“My mother was not Hawaiian,” he said, “and I believe in a custom my father taught me.” He then told me about an ancient Hawaiian forgiveness and reconciliation practice called ho’oponopono. “Ho’o means ‘make’ in Hawaiian,” he said, “and pono  means ‘right.’ Using ‘pono twice in a row means ‘very right.’” The process involves at least one elder, a haku—a wise person with lots of life experience, to convene those having a disagreement or hard feelings and help them work through the problem. It’s not about who’s right,” he continued. “It’s just about resolving an issue, about forgiveness and moving on in a relationship.” The exercise involves telling the other person four things: I’m sorry, please forgive me, thank you, I love you. If two people can come to a place where they can say these things to each other, most often the relationship between them is restored.


Jesus told Peter to be prepared to forgive those who do him wrong not once but “seventy times seven.” We are to “make things very right” with our enemies.


Lord, we thank You for Your wisdom and for the wisdom of many cultures in our beautiful world.


MY MIND AS HOSTAGEDo not be anxious about anything, but in every situation, by prayer and petition, with thanksgiving, present your requests to God. Philippians 4:6


“If you work on your mind with your mind, how can you avoid an immense confusion?” These were the words of an ancient Chinese philosopher named Seng-ts’an. It’s true: in human terms, I cannot fathom the way that pesky mortal mind works sometimes—not by my own wisdom, experience, education, or the amount of time I spend cogitating. This might cause me great concern—were it not for my relationship with Jesus Christ.


Anxiety and fixated thinking sometimes seem to hold my mind hostage. I’m reminded of the words of Mark Twain: “I’ve lived through some terrible things in my life, some of which actually happened.” Most often when I fixate on a problem, the solution evades me as long as I am obsessing. Only when I ask for God’s guidance do I begin to work constructively on a solution.


The Bible says we should seek to have “the mind of Christ.” It’s God’s job, not ours, to concern Himself with the anxious thoughts that “find us and bind us.” In Psalm 139:23, David prays, “Search me, God and know my heart; test me and know my anxious thoughts.” This is not a pass/fail “test” for David; it is a cleansing of David’s mind. David knows that God always has our best interests in mind. And when we are experiencing anxious thoughts, we can ask—and expect—God to help us banish those thoughts from our minds. To try to do otherwise is to reject the power of the Living God which flows unchecked in all who believe in Him. “You do not have because you do not ask God” (James 4:2).


Jesus told His disciples not to worry about what they would need to say when they were arrested by the Romans. “Just say whatever is given you at the time,” He said, “for it is not you speaking, but the Holy Spirit” (Mark 13:11). The same is true when our lives are “arrested” by anxiety: we can always rely on the power of the Holy Spirit to guide us in banishing restless apprehensions in our lives here on earth.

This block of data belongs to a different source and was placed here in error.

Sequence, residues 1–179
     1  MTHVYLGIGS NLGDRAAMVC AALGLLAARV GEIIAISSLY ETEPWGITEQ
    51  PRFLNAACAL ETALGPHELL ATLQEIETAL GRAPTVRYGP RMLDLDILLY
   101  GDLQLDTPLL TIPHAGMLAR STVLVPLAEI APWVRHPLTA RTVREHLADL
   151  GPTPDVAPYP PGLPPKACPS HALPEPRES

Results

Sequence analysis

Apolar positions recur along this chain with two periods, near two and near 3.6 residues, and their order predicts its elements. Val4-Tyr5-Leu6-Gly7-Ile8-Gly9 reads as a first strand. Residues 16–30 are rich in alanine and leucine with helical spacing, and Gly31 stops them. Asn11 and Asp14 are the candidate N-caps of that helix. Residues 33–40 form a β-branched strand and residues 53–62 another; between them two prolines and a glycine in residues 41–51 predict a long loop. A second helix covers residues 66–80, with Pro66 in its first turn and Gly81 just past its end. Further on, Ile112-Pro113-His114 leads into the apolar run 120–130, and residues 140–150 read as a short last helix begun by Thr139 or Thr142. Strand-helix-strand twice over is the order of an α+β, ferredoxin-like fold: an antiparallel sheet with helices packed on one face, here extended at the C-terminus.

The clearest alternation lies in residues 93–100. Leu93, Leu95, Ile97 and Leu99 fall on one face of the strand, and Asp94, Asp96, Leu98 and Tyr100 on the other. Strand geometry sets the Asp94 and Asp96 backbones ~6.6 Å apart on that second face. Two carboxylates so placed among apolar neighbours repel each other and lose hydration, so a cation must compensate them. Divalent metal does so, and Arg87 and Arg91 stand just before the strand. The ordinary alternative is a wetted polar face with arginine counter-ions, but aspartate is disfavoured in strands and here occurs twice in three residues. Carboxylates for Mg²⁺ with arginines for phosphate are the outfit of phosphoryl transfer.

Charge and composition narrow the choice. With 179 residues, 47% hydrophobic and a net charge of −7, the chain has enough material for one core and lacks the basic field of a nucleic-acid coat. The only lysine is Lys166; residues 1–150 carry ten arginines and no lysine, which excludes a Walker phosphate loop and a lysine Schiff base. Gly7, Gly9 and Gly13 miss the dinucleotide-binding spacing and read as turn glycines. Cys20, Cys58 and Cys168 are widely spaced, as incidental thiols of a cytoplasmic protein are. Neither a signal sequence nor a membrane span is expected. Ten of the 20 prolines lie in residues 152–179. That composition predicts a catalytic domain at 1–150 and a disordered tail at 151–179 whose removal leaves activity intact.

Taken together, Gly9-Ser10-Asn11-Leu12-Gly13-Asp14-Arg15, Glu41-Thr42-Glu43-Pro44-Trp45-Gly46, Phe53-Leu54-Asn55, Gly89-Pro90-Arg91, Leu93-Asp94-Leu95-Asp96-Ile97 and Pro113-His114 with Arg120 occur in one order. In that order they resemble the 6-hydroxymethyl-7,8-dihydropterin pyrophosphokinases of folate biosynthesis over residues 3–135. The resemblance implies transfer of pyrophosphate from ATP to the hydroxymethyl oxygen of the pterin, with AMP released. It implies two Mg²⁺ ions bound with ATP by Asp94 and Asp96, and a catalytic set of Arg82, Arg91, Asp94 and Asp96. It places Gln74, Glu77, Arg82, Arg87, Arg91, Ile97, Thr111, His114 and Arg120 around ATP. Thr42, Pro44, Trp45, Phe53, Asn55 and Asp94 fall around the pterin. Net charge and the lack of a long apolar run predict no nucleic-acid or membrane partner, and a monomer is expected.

Steadfast Lord, instill in us trust and assurance that You will be with us during life’s worst trials. Amen


TOMB OF THE UNKNOWNSVery rarely will anyone die for a righteous person, though for a good person someone might possibly dare to die. Romans 5:7


The Tomb of the Unknown Soldier sits on a hill at Arlington National Cemetery overlooking Washington D.C. An unidentified American soldier from World War I was buried there on March 4, 1921. The bottom of the grave vault was lined with two inches of French soil, taken from various battlefields. The guards, called “Sentinels,” keep watch twenty-four hours a day, seven days a week, every day of the year. Bad weather doesn’t bother them; the Sentinels consider it an honor to endure the “discomfort of the elements.” The walk has been conducted continuously since 1937.


Each Sentinel makes twenty-one steps across the mat—symbolizing the twenty-one gun salute, the highest honor given any military dignitary. The guard then turns and faces the tomb for twenty-one seconds, walks the opposite way for twenty-one steps, and repeats the process until the Guard Change ceremony, usually every hour on the hour. The all-male 3rd US Infantry (The Old Guard) had been solely given the duty until 1994 when the 289th Military Police Company was attached to the Old Guard. The 289th includes females, who are now also allowed to apply for Sentinel duty. It is considered a high honor to serve as a Sentinel at the Tomb, where nameless military personnel are honored for the ultimate sacrifice of dying to ensure the freedom of the citizens of our country.


The Apostle Paul spoke of the ultimate gift of sacrifice for another human being in Romans 5. Paul said that many people would not be easily convinced to offer their lives to save another. He commented that “for a good person someone might possibly dare to die” (v. 7). But Paul explains that “Christ died for the ungodly” (v. 6). And we are all “ungodly,” missing the mark of being “good” people every day. Salvation comes through Christ alone, a gift of grace from God with no strings attached. The freedom we enjoy in our United States is hard won by the sacrifice of our military personnel. This Fourth of July, let’s celebrate our liberty by serving others as Christ would have us do.


Atoning Father, thank You for the sacrifice of military personnel, and for the gracious love we have through Your Son. Amen